Ideopathic Nasal/Perioral Hyperkeratoxic Dermatitis, or Munge, might also be the culprit of the above symptoms. Although alpacas at any age are susceptible to the munge, it is most common in animals four months to two years of age. The cause is unknown. It resembles a viral disease in sheep and goats commonly called “sore mouth” or “scabby mouth”. However, no particular virus has been identified as the cause. The condition may be the result of immunodeficiency, bacterial infection, fungal infection or constant contact with an irritant like wet grass.
Munge lesions may resemble mite lesions but most commonly affect the lips and nose. The lesions include thickening and cracking of the skin at the corners of the mouth which leads to crusty scales of the lips and nose.
The diagnosis for the presence of mites and the identity of which species is present, can be made by your veterinarian from a skin scraping.
Whatever the cause, I have been successfully treating all of the above symptoms for years with a concoction I call “witches brew “. This solution was conjured up by Dr. Jerilynn Booher shortly after I returned from Peru with the book I found in Arequipa. The recipe follows:
Witches Brew Recipe
2/3 pint mineral oil
1/5 pint DMSO
8 ml Ivermectin
5 cc Gentamycin (50 mg per ml)
The “brew” needs to be applied to the affected area every three days for at least 15 days, maybe more. Make sure that you use rubber gloves when you are applying the mixture. At the beginning of the course of treatment, Dr. Jones recommends an injection of Ivermectin followed by another 15 days later. In addition, I have had a lot of success in curing ear mites by infusing each ear with ½ cc of Ivermectin at the beginning of treatment.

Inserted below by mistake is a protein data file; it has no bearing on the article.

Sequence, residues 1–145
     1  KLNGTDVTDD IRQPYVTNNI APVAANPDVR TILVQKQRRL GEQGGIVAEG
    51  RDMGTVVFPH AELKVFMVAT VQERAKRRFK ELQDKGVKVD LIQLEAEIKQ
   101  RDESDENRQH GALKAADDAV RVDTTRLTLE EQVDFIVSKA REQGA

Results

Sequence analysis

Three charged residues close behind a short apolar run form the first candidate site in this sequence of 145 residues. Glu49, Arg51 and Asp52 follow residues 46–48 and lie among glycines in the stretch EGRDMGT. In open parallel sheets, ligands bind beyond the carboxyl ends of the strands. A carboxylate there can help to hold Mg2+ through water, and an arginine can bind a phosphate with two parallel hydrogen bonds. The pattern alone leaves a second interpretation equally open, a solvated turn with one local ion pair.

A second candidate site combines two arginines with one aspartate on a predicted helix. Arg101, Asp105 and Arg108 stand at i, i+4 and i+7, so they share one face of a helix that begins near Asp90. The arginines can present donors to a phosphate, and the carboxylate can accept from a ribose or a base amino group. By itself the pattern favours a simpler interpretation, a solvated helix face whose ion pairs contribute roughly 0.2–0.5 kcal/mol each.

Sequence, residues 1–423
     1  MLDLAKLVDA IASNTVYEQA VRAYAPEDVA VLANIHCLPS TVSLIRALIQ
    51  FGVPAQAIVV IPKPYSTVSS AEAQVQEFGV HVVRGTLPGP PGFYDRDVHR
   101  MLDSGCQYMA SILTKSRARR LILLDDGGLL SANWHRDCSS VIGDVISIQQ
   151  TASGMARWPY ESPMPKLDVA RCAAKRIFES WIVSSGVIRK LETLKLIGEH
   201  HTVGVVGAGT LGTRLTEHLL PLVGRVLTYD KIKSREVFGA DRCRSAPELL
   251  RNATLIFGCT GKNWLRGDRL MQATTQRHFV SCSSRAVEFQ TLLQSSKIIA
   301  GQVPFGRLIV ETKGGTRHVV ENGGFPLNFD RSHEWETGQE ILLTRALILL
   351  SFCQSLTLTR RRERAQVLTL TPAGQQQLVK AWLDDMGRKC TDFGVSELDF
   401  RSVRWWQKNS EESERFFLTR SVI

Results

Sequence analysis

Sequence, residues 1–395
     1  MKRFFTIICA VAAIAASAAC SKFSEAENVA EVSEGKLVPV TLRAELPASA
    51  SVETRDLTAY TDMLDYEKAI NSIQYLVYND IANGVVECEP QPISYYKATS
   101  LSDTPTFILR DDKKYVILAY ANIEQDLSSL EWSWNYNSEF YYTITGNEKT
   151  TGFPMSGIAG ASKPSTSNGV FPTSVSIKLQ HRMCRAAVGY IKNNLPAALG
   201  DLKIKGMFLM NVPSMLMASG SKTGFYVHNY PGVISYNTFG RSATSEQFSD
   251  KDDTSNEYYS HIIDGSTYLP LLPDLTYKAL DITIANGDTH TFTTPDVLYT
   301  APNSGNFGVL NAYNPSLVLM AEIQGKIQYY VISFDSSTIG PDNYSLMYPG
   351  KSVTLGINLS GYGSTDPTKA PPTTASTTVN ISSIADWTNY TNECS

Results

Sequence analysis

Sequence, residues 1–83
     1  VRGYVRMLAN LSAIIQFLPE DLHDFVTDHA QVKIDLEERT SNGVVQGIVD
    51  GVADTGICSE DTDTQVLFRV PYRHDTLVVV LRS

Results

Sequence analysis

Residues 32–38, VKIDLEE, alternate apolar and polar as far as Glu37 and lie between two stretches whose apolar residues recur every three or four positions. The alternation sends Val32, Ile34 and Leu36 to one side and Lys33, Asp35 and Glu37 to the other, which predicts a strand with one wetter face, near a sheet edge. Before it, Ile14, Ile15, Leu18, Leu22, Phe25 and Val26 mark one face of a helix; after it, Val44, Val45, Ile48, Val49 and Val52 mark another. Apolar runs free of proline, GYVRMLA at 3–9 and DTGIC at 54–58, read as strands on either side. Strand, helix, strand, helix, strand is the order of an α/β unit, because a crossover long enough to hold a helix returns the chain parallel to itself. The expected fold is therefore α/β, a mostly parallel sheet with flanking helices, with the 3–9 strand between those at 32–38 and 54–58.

Dr. Norm Evans recommended a similar solution in his 2003 book, The Alpaca Field Manual, which he calls “Camelid Skin Mix”. My vet, Dr. Paul Jones, decided that my name for the stuff, “Witches Brew”, was not particularly professional, and he prescribes the same ingredients using the name, “Camelid Skin Solution”.
This is how the ingredients interact to affect a cure: The DMSO delivers the Ivermectin through the crusty skin; the mineral oil holds the solution in place; and the Gentamycin acts as an antibiotic and clears up the infections that follow the mites. Please note that I am not, nor do I intend to be giving veterinarian advice here. You will need your veterinarian to make the diagnosis, prescribe the treatment and mix the solution.
I have, on occasion, suggested that an alpaca breeder use this formula and their veterinarian has said, after scraping the skin, “There are no mites.” Or, they have insisted that the problem is zinc deficiency. One breeder reported to me that his veterinarian refused to make the solution available because the ingredients would “not mix properly” and they separated. When I shared this concern with Dr. Jones, he agreed, but said that if you simply shook the solution before applying, the problem would resolve itself. Ah, some things are just too simple.
If the sore mouth symptoms are really a virus or bacteria, a solution of Nolvasan Scrub (applied to the infected area) might help clear up the condition, but I would follow it with an application of “witches brew” to be safe. In fact, it does not hurt to scrub any affected skin area with Nolvasan before applying the witches brew. You may also want to move your alpacas to a clean pasture after treatment. The mites, or their eggs could collect in the soil and then be picked up by unaffected animals. In any case, I have found that the condition is not widely communicable among herd mates.
I have had many, many breeders thank me for recommending this solution over the years. For whatever reason, this solution works on munge and mites of every kind. In fact, in my experience, it even cures zinc deficiency and sunburn! (Just kidding, of course.)